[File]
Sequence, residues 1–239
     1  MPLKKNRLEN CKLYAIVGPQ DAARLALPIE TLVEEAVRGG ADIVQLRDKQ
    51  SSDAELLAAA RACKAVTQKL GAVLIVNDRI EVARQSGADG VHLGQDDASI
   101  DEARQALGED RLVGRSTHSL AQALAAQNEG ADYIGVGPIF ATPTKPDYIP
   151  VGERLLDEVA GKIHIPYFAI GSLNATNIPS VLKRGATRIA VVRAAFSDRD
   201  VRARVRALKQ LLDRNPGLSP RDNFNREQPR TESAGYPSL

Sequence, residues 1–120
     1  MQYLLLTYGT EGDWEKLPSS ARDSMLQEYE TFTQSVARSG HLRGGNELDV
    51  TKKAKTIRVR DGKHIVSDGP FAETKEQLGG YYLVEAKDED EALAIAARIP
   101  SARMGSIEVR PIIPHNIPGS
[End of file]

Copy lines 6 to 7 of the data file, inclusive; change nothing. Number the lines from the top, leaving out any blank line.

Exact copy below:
   201  VRARVRALKQ LLDRNPGLSP RDNFNREQPR TESAGYPSL

Sequence, residues 1–120